IP/Entertainment Law Weekly Case Update For Motion Picture Studios And Television Networks - September 1, 2011


Table of Contents:

•Arenas v. Shed Media US Inc.

•Capitol Records, Inc. v. MP3tunes, LLC

•Shropshire v. Canning

•Muller v. Twentieth Century Fox Film Corp.

Arenas v. Shed Media US Inc., USDC C.D. California, August 22, 2011

•Court denies plaintiff’s request for preliminary injunction and grants defendants’ Anti-SLAPP motion to strike, finding that plaintiff is unlikely to succeed on the merits of his claims for common law misappropriation of identify and trademark infringement, and that defendants’ reality television show is protected as an expression of their First Amendment free speech rights in connection with a matter of public concern.

Capitol Records, Inc. v. MP3tunes, LLC, USDC S.D. New York, August 22, 2011

•In a copyright infringement action, defendant MP3tunes, which provides a service that allows users to search the internet for free song files and a service that allows the online personal storage of such song files, was determined to qualify for DMCA safe harbor protection except with respect to certain specific songs identified in DMCA takedown notices and not removed from user lockers.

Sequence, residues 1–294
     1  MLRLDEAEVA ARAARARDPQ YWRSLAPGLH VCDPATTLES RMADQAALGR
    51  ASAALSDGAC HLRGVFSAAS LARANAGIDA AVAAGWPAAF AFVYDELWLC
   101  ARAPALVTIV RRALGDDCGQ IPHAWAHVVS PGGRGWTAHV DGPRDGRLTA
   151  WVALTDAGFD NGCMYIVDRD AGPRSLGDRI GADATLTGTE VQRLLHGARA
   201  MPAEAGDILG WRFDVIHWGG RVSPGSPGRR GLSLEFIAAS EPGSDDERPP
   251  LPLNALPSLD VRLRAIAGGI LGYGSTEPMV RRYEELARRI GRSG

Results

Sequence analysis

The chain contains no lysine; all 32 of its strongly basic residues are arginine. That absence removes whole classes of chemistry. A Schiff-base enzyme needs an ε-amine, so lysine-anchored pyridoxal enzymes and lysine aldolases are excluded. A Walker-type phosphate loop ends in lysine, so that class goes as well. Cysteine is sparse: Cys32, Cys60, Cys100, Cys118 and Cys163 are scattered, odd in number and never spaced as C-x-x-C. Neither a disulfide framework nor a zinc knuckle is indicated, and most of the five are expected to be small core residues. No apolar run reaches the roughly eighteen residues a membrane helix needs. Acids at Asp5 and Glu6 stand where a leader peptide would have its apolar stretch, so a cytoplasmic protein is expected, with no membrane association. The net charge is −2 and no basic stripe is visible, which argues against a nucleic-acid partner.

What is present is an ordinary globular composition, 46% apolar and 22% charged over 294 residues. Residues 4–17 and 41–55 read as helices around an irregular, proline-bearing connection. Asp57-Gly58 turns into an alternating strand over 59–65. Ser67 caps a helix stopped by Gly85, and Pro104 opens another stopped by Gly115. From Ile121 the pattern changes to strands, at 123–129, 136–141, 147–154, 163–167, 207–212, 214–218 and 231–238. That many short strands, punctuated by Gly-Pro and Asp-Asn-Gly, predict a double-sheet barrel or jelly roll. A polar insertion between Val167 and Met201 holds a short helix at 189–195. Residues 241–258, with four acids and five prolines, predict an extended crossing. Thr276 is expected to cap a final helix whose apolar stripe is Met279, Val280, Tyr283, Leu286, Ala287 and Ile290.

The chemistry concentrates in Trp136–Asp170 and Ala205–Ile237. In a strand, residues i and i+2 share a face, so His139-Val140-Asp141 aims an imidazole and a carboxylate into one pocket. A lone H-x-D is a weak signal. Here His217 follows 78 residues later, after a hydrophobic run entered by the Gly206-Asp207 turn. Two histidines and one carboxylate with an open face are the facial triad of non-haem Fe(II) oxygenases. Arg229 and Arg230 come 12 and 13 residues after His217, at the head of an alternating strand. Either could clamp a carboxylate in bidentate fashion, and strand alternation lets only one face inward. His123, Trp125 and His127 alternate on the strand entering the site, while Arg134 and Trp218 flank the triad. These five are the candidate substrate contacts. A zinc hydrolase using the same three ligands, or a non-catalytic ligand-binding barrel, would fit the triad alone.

Shropshire v. Canning, USDC N.D. California, August 22, 2011

•In copyright infringement and DMCA misrepresentation action involving the creation of a video in Canada which was then uploaded to You Tube’s servers in California, the court denied defendant’s motion to dismiss the infringement claim on extraterritoriality grounds, holding that extraterritoriality (whether or not the claim arises in the U.S.) is an element of a claim and not an issue of subject matter jurisdiction and further held that the doctrine of extraterritoriality does not apply if at least some part of the infringement occurs in the U.S.; court also denies in part defendant’s motion to dismiss DMCA misrepresentation claim.

Muller v. Twentieth Century Fox Film Corp., USDC S.D. New York, August 22, 2011

•After granting summary judgment to film producers on plaintiff’s copyright infringement claim, court finds that attorney’s fees for defendants are appropriate because plaintiff’s claim was frivolous and objectively unreasonable, but court reduces amount of fees to $40,000 in light of plaintiff’s financial standing.

Please see full update below for more information.

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DISCLAIMER: Because of the generality of this update, the information provided herein may not be applicable in all situations and should not be acted upon without specific legal advice based on particular situations.

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